<html>     <head></head>     <body id="body" bgcolor="white">     <font face="Arial" size="2">This stuff is giving me      a headache already!</font>    

<script language="JavaScript">    

// get to the <font> tag     var fontObj = document.getElementById("body").childNodes[0];    

// return the number of attributes of the <font> tag     // or the length of the attributes[] collection     // returns 2     // alert(fontObj.attributes.length);     // returns the name of the first attribute - "face"     // alert(fontObj.attributes[0].name);     // returns the value of the first attribute - "Arial"     // alert(fontObj.attributes[0].value);     // changes the value of the first attribute to "Verdana"     fontObj.attributes[0].value = "Verdana";    

// returns the new value of the first attribute - "Verdana"     // alert(fontObj.attributes[0].value);     </script>     </body>     </html>

Copyright Melonfire, 2000. All rights reserved.


The DOM also allows you to modify CSS properties of specific HTML tags – as the following example demonstrates:

<html>      <head>      <script language="JavaScript">      function disappear()      {      var obj = document.getElementById("mirage"); = "none";      }      </script>      </head>      <body>      <div id="mirage">      Now you see it...      </div>      <a href="javascript:disappear()"> you don't!</a>      </body>      </html>

I’ve done something similar in the very first example in this article – take a look at that one too, while you’re at it.

Using this technique, it’s possible to apply almost any inline style to an element on the page. Remember that style properties which are hyphenated – for example, "background-color" and "font-family" – need to be written as a single word with the first character after the hyphen capitalized – for example, "backgroundColor" and "fontFamily". The next example should illustrate this clearly:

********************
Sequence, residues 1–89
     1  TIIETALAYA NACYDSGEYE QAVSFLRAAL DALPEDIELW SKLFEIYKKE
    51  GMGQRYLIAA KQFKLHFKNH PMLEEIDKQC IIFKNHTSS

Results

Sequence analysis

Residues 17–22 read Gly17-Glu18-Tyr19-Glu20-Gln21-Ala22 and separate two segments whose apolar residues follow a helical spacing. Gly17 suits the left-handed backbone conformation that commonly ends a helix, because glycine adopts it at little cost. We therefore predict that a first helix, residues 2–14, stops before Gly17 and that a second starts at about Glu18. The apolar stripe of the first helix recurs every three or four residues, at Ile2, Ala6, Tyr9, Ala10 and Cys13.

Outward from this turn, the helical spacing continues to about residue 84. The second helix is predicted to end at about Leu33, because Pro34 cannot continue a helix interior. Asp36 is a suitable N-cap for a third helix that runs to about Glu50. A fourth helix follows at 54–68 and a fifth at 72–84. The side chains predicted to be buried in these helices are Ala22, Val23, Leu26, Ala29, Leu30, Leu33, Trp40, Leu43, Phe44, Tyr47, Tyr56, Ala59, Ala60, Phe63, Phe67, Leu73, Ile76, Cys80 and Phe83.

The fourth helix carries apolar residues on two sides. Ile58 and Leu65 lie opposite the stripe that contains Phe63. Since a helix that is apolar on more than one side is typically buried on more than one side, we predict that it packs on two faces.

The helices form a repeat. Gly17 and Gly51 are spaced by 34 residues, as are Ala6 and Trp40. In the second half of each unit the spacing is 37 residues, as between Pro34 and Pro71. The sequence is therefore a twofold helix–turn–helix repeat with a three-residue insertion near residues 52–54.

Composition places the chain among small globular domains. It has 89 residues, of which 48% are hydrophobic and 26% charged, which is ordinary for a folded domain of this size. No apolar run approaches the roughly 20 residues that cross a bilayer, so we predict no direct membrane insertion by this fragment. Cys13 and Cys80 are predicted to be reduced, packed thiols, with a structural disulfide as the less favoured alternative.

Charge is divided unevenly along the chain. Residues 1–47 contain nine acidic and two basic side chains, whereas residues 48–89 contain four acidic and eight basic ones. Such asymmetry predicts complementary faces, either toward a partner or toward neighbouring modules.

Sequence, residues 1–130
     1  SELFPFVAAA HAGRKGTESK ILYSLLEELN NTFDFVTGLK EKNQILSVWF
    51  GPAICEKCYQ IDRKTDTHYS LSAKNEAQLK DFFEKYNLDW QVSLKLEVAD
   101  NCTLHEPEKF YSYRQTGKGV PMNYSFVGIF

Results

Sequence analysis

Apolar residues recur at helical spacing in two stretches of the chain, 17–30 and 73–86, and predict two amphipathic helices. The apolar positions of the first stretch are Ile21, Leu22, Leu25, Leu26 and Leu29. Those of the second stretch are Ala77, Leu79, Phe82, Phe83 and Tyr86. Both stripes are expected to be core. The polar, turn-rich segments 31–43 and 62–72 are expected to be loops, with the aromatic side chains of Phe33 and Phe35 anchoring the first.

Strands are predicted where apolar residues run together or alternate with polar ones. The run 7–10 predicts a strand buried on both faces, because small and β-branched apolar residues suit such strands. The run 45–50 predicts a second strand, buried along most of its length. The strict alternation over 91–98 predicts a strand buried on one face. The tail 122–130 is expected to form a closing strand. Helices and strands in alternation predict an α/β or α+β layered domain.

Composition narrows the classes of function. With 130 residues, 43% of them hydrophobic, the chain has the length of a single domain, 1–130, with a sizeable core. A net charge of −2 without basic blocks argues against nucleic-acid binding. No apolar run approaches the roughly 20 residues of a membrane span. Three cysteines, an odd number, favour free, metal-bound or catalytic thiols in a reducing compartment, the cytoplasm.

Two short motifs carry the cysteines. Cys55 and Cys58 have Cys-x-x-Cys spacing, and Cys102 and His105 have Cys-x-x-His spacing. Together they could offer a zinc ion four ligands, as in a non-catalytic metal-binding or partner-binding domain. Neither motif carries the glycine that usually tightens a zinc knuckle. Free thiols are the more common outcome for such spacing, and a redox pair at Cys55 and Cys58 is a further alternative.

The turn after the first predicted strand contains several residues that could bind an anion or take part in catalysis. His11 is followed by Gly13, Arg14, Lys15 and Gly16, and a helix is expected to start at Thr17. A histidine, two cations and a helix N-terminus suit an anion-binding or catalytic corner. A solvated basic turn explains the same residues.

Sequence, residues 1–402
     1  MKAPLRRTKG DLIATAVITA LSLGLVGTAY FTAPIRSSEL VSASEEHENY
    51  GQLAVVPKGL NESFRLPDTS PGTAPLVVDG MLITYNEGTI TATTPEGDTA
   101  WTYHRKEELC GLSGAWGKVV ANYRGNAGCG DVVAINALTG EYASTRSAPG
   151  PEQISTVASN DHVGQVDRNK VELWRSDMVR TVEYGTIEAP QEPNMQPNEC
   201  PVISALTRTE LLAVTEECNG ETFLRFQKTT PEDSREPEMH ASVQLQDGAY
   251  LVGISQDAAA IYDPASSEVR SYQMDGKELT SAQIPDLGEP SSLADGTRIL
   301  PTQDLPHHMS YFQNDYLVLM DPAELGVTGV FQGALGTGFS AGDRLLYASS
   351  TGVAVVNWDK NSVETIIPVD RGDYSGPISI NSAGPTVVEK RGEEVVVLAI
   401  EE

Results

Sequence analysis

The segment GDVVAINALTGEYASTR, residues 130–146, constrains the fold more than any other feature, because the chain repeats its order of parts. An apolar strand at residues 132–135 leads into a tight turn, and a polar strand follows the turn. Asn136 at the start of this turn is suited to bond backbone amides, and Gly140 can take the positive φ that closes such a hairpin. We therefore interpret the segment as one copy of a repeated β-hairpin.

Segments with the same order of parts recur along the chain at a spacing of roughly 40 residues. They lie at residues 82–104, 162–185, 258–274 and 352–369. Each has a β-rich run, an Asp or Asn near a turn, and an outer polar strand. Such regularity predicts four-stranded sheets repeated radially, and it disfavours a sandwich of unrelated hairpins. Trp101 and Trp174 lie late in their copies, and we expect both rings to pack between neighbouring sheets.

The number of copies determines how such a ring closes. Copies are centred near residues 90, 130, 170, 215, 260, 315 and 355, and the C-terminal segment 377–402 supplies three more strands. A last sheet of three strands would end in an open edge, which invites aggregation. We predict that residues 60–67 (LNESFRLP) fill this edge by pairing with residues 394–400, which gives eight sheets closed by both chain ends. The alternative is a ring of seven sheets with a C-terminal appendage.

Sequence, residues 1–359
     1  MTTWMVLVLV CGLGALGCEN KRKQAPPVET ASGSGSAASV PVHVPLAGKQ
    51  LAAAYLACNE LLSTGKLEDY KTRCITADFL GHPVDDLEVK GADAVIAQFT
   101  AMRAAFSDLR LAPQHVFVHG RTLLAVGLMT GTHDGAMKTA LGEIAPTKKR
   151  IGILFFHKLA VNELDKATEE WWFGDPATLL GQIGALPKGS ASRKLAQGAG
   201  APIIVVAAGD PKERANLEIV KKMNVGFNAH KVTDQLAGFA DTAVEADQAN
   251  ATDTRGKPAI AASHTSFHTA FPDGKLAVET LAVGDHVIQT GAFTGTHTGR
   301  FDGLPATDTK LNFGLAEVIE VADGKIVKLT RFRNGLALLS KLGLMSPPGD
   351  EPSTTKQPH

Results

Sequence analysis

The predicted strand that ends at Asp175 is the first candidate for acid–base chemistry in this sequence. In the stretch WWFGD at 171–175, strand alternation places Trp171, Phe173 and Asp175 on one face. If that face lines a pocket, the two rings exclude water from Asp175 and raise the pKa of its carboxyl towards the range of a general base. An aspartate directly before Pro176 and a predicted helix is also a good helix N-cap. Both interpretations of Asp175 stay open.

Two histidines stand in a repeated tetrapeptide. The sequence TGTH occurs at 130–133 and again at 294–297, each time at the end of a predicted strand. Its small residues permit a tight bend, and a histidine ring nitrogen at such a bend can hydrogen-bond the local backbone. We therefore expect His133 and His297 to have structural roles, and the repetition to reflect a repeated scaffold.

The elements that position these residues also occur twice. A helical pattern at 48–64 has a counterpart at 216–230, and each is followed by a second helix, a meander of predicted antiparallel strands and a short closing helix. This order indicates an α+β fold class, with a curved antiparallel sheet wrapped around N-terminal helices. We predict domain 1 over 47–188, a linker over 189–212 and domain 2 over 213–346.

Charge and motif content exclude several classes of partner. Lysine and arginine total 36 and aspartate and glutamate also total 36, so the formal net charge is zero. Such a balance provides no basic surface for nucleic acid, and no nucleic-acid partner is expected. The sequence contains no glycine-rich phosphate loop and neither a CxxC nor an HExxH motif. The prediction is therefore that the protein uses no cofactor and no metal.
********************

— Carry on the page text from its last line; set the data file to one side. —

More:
<html>      <head>      <script language="JavaScript">      function transform()      {      var obj = document.getElementById("marvel"); = "Verdana"; = "40pt"; = "red"; = "black"; = "underline"; = "center"; = "10";      }      </script>      </head>      <body>      <div id="marvel">      Captain Marvel      </div>      <a href="javascript:transform()">shazam!</a>      </body>      </html>

That’s about it for the moment. In the second part of this article, I’ll be running through some simple code examples for simple JavaScript applications – image swaps, form validation and frame navigation – using the new DOM structures. I’ll also be discussing the appendChild() and createNode() functions, which allow developers to add new elements to the document tree through program code. Don’t miss it!

Note: All examples in this article have been tested on Mozilla (build 18). Examples are illustrative only, and are not meant for a production environment. YMMV!
Copyright Melonfire, 2000. All rights reserved.

Rough Guide To The DOM – Part 2

Digging Deeper

In the first part of this article, I took you through the basics of navigating an HTML document via the DOM, and explained the various methods and collections available to you. If you understood all that (and I hope you did), you should now have a pretty clear idea of how to manipulate a typical HTML document, and change interface elements on the fly.

Over the next few pages, I’m going to dig a little deeper into the DOM, with illustrations of how the DOM interfaces with tables, forms, images and frames. I’ll also be discussing some of the methods available to add (and modify) nodes to the DOM tree through JavaScript, and point you to some of the Web’s better resources on the subject.

Let’s get cracking!

Making The Swap()

The first item on the agenda today is an illustration of how you can use the DOM to accomplish one of the most popular dHTML applications – the image swap. Take a gander at the following HTML document:

<html>       <head>       </head>      


<a href="" onMouseOver="javascript:imageSwap();"       onMouseOut="javascript:imageSwap();"><img id="logo" src="logo_n.gif"       width=50 height=50 border=0></a>      

</body>       </html>

Now, I’ve set this up so that "mouseover" and "mouseout" events on the image are handled by the JavaScript function imageSwap(). This function is responsible for swapping the image each time an event occurs – so let’s take a look at it.